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Ritalin and Concerta are both psychostimulant drugs commonly used in the treatment of attention deficit hyperactivity disorder (ADHD). They contain the same active ingredient: methylphenidate (MPH). There are a number of factors doctors and patients may wish to think about when considering Ritalin vs Concerta.
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What is Methylphenidate?
Methylphenidate is an orally administered drug which is rapidly absorbed into the blood stream. In the brain, MPH blocks dopamine transporters, leading to an increase in dopamine levels which is believed to amplify the signals of dopamine-mediated nerves. Increased activity in the frontal lobes and striatal structures of the brain causes a noticeable improvement in attention and behavior of ADHD sufferers.
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What is Ritalin?
Ritalin® is manufactured by Novartis and contains methylphenidate and a number of inactive ingredients including colorings, lactose, magnesium stearate, polyethylene glycol, starch, sucrose, talc and tragacanth. Two or three doses are typically required per day, as this formulation has a relatively short duration of action.
Ritalin is also available in a sustained release formulation known as Ritalin-SR. The sustained release tablets are more slowly absorbed from the gut than regular forms of methylphenidate, resulting in a more constant blood concentration of the drug. The duration of effect of Ritalin-SR is approximately 8 hours. Ritalin-SR tablets contain cellulose compounds, cetostearyl alcohol, lactose and magnesium stearate among their inactive ingredients.
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What is Concerta?
Concerta® is manufactured by Ortho-McNeill-Janssen Pharmaceuticals. Like Ritalin, the only active ingredient is methylphenidate, but Concerta contains more inactive ingredients including carnauba wax, cellulose acetate, lactose, sodium chloride, stearic acid and synthetic iron oxides. Concerta is a sustained release formulation designed to have a duration of effect of up to 12 hours.
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Ritalin vs Concerta: Efficacy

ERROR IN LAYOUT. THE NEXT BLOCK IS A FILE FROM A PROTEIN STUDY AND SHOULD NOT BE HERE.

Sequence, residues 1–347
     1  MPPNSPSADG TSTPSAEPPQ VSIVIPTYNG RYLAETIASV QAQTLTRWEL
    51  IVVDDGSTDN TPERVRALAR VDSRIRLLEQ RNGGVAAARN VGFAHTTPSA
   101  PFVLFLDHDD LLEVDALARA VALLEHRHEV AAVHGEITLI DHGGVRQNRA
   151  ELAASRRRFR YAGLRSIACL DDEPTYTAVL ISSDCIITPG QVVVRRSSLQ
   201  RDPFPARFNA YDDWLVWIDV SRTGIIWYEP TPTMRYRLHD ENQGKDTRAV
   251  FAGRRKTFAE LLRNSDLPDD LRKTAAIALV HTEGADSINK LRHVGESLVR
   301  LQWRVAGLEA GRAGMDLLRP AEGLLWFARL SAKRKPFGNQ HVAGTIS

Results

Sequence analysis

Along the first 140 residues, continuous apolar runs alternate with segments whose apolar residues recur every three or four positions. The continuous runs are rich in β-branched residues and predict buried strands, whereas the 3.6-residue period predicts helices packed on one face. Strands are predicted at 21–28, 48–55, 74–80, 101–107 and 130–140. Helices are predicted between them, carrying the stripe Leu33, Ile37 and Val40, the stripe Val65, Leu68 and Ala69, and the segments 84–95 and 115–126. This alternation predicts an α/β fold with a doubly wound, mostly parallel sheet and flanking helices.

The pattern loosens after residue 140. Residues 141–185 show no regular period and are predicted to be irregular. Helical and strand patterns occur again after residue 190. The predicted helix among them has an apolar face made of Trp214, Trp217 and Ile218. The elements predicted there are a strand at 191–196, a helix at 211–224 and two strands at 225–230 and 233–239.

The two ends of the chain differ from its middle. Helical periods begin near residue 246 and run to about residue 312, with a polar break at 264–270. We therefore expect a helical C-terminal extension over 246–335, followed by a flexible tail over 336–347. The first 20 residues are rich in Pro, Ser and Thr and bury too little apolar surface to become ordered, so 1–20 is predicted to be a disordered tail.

Since Ritalin and Concerta contain the same active ingredient, their efficacy is likely to be similar. Different individuals vary in their sensitivity to dopamine, so the specific dose for each patient needs to be determined by gradually increasing the daily intake of the drug until a beneficial effect is observed. The recommended dosage regimes of each formulation are likely to suit different patients. For example, a patient requiring only a very low dose of methylphenidate may get on better with the short-acting Ritalin formulation, other patients may prefer to take just one dose a day, in which case they may choose Concerta.
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Ritalin vs Concerta: Side Effects
Methylphenidate is known to cause a number of adverse side effects in some patients, and these side effects are reported for all formulations of the drug. Common side effects include headache, nervousness and mild cardiovascular symptoms. Patients sensitive to food colorings may wish to avoid the formulations of Ritalin containing colorings. D&C Yellow No. 10 is used for the 5mg and 20mg tablets and FD&C Green No. 3 is used for the 10mg tablets. Sometimes side effects can be alleviated by switching to a different formulation, so once again the choice may well come down to individual preference.
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 ND Volklow, JS Fowler, G Wang “Mechanism of Action of Methylphenidate: Insights from PET Imaging Studies" Journal of Attention Disorders 6:S31-43 (2002)
 CJ Vaidya, G Austin, G Kirkorian “Selective Effects of Methylphenidate in Attention Deficit Hyperactivity Disorder: A Functional Magnetic Resonance Study" Proceedings of the National Academy of Science 95:14494-14499 (1998)
Ritalin Prescribing Information - Novartis
 Concerta - RxList Internet Drug Index
 “Stimulant ADHD Medications - Methylphenidate and Amphetamines" National Institution on Drug Abuse